Winslow Homer was born in Boston, Massachusetts on February 24th, 1836. His father, also a talented watercolor artists, owned a hardware store in Boston. Winslow grew up in the nearby village of Cambridge, a short walk from Harvard University. His mother was, like his father, a skillful amateur watercolorist of flowers. Homer began to draw as soon as he could hold a pencil and was encouraged by his mother when she saw Homer’s talent for drawing. At about the age of eighteen, Winslow Homer began to pursue his artist career by becoming an apprentice in the Boston lithographic firm of John Bufford, in whose shop he was trained to copy other people's drawings onto printing stones. Other than this, Homer had little other formal training. He soon grew tired of this and at age twenty-one set himself up as a freelance illustrator. 

Much of his work was published in the newly popular pictorial weeklies including Harper's Weekly, one of the most popular magazines of the day. Homer's subjects in these illustrations were nearly always the life he observed around him in city and country. He drew his illustrations on wood blocks which were then engraved by others, following the usual practice of the time. Intensely patriotic, he did not change his style or interest in American subjects even after he returned from his trips to Europe. We often see a pleasant sense of humor and a warm feeling toward people, especially children, in his paintings. Many of his pictures tell a definite story.

In 1859 he moved from Boston to New York to be closer to the Harper's office and also because he was now determined to become a painter. New York was the center of the American art world. He took a few lessons at the National Academy but soon discontinued them, apparently finding them of little value. At the outbreak of the American Civil War in 1861, Homer began to report scenes of military life. He went to the war front in Virginia for a period in 1862 and from this experience came his earliest paintings.. These first illustrations, which he sent to Harper’s Weekly, were humorous and story-telling. Soon subsequent drawings told of the wounded, exhausted, isolated soldiers. Later he depicted spirited and light-hearted, youthful subjects. These included scenes of a one-room schoolhouse and children at play. Another of his important themes was mankind’s struggles and adventures with nature, especially the sea. He selected his subjects for his painting carefully, and then painted theme exactly as they appeared to him. He often put a painting away for several years and then brought it out again to rework it.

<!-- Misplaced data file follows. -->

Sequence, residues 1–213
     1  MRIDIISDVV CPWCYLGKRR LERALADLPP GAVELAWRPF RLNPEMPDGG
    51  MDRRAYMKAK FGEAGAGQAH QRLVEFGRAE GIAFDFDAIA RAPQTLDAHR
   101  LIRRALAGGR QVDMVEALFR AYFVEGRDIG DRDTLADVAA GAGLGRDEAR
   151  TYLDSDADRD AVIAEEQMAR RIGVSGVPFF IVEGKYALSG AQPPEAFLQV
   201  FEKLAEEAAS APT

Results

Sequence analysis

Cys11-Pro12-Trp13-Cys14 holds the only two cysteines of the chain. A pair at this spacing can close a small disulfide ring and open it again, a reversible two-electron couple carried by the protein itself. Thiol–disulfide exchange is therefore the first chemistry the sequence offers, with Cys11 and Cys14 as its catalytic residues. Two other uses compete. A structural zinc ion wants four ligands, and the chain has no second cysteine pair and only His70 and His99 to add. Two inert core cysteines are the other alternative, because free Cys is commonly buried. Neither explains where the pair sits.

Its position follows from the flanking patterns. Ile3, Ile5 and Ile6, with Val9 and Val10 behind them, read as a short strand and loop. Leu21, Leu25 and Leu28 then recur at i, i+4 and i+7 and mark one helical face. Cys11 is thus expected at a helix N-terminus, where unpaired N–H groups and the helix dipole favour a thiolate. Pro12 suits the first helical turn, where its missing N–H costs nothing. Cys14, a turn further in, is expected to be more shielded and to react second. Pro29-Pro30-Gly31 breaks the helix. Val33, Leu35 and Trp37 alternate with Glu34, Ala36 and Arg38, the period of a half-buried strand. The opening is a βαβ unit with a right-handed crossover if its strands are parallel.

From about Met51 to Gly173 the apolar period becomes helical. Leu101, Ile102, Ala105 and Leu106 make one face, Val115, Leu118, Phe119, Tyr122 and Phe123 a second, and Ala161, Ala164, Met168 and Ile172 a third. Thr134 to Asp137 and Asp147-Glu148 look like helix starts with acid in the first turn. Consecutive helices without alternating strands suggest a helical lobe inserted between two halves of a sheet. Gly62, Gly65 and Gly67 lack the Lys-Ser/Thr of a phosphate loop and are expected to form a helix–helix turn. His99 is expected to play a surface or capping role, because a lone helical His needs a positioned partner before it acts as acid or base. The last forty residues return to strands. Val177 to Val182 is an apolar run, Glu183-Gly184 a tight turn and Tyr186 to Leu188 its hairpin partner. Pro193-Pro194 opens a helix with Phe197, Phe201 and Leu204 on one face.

Homer made many oil paintings, but one of the things for which he is most famous is the way he used watercolor. He came to the medium late: he was thirty-seven and a mature artist. Before the 1800’s artists used this medium only to make preparatory sketches for oil paintings; however, Homer developed a great skill in using it for finished works in which he captured the sparkling brilliance of moving water and cloudy skies.

Once into his forties, Homer rarely went anywhere without rag paper, sable brushes and little pans of color. He took his working vacations in places he knew would give him subjects-the New England coast, the Adirondacks, the tumultuous rivers of Quebec, the Florida Keys and the dark palmetto-fringed pools of Homosassa, the bays and whitewashed coral walls of the Bermudas. Throughout his life, Homer showed originality and deep feeling in his statements about people’s struggles with the forces of nature. By 1900 he was well-known and honored, his watercolors were popular, and his oils were bringing increasing prices. Winslow Homer lived on a secluded part of the Maine coast from 1883 until his death. He died in his studio-cottage at Prout's Neck at the age of 74, on 29 September 1910.

BERMUDA SLOOP - Winslow Homer must have looked long and carefully at changing waters, restless moving waves, and boats bobbing on the surface of the seas before he did this painting. He used mostly blues and greens in dark and light washes. He painted the sky in a different manner than the way he painted the water. The sails of the boat, centered around the vertical mast, capture attention with their graceful and forceful curves. They are touched with a delicate airy orange tint. The figures are dark and indistinct. The waves appear to be gently with the boat resting quietly, probably rocking to and fro with the motion of the water. 


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